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NASA Space

NASA's Cassini Probe Begins Its 'Grand Finale' Through Saturn's Atmosphere ( 44

An anonymous reader quotes After orbiting Saturn for more than 13 years, NASA's Cassini spacecraft is getting ready to say goodbye. On Monday (August 14), Cassini made the first of five passes through Saturn's upper atmosphere, kicking off the last phase of the mission's "Grand Finale." After completing those five dives, Cassini will come back around again one last time, plunging into Saturn's atmosphere on September 15. This will be a suicide maneuver: Cassini will burn up in the ringed planet's thick air, turning into a meteor in the Saturn sky...

Cassini's radar will be able to look into the atmosphere and see features as small as 16 miles (25 km) wide, about 100 times smaller than what it could see from its usual orbital positions. The Grand Finale will include one final swing by Saturn's largest moon, Titan, on Sept. 11. Titan's gravity will slow Cassini's orbit around Saturn and bend its path to send the spacecraft toward its September 15 encounter with the planet... Cassini will keep sending back data on September 15 until it gets to an altitude where atmospheric density is about twice what it encountered during its final five passes, NASA officials said. At that point, mission controllers will lose contact with the probe because its thrusters won't be able to keep Cassini's antenna pointed toward Earth; there will simply be too much air to push against.

The second dip happens this weekend, and NASA has created a special web page tracking Cassini's current location for its final 28 days.
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NASA's Cassini Probe Begins Its 'Grand Finale' Through Saturn's Atmosphere

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  • If it turns out that Enceladus and Titan are sterile, but that Saturn has life, then this action by NASA will be quite a blunder.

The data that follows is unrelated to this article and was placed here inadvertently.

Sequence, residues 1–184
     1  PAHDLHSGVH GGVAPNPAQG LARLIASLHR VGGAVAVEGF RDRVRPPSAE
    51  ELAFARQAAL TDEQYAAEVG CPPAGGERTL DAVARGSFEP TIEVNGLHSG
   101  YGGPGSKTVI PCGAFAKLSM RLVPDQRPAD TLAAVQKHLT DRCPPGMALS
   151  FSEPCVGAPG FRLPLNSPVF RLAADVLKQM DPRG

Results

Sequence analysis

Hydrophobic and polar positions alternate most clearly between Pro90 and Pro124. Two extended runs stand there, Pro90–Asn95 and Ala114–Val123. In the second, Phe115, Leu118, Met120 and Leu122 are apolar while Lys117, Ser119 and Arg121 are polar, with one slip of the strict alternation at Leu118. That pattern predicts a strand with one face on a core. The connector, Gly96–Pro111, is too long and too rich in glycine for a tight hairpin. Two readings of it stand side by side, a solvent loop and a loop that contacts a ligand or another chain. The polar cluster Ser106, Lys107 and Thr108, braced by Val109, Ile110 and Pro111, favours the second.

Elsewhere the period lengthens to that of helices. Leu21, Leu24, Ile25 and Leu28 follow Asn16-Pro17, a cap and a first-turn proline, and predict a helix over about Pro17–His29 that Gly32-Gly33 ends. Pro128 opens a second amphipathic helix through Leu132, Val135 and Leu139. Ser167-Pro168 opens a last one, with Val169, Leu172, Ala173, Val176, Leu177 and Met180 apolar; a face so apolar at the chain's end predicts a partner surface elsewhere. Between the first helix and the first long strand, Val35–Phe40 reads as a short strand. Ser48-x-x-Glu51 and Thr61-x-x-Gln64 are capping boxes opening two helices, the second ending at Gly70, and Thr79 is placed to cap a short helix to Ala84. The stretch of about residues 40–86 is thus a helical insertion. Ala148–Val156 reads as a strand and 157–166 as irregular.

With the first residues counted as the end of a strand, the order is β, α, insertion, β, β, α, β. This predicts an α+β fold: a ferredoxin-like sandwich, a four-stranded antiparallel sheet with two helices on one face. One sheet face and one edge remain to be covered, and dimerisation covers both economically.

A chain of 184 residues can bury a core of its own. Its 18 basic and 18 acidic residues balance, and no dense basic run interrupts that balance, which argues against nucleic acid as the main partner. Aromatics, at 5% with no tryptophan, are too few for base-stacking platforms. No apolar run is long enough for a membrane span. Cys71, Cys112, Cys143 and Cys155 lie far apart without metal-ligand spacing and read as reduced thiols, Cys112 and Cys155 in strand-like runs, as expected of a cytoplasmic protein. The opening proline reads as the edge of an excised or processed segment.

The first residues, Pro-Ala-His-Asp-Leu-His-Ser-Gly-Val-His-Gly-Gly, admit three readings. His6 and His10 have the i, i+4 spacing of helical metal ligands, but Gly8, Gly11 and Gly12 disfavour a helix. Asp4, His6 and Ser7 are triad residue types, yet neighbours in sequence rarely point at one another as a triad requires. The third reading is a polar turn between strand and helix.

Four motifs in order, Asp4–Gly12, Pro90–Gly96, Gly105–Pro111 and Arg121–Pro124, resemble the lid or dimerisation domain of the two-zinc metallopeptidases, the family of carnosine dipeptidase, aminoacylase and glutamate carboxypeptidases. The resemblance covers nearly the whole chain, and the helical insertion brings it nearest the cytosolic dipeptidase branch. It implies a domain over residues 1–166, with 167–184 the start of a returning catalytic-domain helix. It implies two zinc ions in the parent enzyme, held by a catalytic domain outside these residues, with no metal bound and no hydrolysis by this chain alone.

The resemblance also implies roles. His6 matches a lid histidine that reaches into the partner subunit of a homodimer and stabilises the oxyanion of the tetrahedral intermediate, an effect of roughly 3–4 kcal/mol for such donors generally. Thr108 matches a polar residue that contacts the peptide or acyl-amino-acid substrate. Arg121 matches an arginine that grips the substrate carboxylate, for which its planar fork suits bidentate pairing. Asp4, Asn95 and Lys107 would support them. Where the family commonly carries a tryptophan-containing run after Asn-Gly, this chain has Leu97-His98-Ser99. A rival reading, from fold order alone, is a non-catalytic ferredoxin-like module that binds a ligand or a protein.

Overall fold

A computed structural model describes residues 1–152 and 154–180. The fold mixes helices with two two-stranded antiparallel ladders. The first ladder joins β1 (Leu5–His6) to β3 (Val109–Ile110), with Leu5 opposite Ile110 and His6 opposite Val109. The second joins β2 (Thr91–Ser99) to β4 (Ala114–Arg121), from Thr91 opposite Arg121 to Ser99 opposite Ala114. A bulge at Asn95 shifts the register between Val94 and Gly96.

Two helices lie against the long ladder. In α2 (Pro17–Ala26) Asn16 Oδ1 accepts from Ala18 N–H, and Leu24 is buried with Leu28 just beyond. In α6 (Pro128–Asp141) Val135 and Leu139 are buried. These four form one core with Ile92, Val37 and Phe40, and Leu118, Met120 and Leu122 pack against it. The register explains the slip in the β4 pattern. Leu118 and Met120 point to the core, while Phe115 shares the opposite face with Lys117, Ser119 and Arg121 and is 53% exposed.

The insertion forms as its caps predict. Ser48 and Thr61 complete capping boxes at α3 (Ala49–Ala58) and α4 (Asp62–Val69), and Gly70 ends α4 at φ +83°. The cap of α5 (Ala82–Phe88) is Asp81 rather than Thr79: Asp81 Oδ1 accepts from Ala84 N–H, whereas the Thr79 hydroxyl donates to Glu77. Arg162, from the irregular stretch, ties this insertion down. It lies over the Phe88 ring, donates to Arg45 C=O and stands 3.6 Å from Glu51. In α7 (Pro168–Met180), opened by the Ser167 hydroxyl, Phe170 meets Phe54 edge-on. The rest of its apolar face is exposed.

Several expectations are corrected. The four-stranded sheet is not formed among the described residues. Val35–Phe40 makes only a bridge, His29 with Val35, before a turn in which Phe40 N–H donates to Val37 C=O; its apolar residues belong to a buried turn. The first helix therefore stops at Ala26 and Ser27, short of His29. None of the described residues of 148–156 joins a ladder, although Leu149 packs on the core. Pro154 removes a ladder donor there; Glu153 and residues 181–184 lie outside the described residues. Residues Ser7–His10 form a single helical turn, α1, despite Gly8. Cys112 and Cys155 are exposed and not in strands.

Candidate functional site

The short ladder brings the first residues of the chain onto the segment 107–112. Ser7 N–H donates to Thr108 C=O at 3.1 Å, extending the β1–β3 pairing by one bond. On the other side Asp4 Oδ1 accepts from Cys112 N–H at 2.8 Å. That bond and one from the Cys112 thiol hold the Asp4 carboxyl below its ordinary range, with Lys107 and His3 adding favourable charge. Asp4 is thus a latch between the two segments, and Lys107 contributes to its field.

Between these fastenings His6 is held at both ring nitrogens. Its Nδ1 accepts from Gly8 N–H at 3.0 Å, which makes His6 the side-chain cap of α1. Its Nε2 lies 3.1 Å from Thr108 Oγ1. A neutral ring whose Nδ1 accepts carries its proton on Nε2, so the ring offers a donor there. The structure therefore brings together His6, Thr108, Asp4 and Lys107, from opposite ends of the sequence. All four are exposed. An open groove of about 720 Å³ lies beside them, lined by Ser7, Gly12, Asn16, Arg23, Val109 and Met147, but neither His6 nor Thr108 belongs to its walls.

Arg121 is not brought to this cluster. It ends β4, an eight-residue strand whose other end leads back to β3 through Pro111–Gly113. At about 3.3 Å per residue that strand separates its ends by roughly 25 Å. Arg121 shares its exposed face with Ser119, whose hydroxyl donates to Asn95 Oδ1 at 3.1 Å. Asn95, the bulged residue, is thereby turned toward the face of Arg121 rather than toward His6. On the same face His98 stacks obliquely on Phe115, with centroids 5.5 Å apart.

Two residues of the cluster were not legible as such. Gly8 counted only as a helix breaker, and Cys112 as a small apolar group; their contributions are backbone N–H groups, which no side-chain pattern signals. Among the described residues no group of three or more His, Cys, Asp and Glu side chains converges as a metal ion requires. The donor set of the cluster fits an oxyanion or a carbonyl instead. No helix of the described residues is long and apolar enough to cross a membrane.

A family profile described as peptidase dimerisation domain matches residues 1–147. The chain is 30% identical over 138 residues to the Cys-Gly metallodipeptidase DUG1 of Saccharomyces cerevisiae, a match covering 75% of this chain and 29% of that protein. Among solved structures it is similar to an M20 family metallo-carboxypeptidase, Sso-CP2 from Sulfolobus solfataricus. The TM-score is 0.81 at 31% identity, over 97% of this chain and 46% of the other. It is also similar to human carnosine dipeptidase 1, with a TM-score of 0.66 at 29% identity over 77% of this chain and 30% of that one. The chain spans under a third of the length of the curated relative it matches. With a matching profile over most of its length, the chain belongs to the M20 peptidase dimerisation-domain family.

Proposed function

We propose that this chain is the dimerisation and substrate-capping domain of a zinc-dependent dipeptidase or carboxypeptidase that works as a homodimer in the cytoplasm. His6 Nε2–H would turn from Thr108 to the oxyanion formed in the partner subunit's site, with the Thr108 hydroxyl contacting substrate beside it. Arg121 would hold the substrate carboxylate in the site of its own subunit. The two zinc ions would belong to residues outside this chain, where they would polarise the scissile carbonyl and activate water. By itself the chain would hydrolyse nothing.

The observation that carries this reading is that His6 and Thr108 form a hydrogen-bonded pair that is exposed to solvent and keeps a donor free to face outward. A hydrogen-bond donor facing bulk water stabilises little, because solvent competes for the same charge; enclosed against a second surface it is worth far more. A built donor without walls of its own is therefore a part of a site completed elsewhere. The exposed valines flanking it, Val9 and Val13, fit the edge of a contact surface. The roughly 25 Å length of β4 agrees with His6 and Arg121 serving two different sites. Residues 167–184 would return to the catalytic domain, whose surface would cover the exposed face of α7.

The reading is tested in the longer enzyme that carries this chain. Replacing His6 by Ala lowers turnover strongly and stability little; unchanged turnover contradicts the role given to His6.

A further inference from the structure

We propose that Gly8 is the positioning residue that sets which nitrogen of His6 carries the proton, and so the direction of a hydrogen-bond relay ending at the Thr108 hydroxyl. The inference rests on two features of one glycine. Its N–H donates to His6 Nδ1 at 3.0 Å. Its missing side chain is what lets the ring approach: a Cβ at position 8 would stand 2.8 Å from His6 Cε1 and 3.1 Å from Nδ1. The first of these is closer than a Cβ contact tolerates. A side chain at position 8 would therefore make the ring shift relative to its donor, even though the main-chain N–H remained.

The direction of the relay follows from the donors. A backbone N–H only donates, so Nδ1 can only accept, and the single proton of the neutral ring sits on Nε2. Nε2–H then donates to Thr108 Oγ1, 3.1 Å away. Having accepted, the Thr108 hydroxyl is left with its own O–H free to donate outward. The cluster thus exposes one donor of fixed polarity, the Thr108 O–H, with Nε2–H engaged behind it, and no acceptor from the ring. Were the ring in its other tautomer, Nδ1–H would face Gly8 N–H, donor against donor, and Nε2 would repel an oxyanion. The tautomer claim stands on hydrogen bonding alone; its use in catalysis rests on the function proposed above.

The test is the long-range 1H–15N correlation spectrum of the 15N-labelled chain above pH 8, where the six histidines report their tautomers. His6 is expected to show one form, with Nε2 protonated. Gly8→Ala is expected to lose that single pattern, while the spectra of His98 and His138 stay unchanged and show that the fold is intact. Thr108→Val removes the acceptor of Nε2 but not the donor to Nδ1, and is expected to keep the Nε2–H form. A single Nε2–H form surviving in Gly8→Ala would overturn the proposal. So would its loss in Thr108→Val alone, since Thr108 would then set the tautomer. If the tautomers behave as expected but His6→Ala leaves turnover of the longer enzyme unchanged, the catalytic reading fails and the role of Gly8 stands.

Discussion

• Re-entry at Saturn orbital speed should completely evaporate the probe, no chance of anything surviving. It took real heroics on the Galileo probe to survive Jupiter re-entry

    • We know enough about Earth biology to know that any microbes will not survive in Saturn. That's what matters for preventing contamination.

  • They should bring the probe back to earth to recycle the components into new probes.

    • That would have made the probe prohibitively heavier due to the huge amount of propellant needed for the return journey.

      Also, the electronics are obsolete (30 years old) and radiation-damaged, so why bother retrieving them? The only component it'd make sense to recycle is the RTG (which should be at 70% of its original capacity by now).

  • Just had a brilliant idea, surely it can't fail. How about a KickStarter to save the venerable spacecraft? Action would need to be taken very soon though. Who's in?
  • If there's any civilization at all in Saturn... regardless how privimitive or advanced it is... they'll think that an alien ship has crashed into their planet and they will begin searching for the responsible planet that may or may not have killed their civilians :)

If you suspect a man, don't employ him.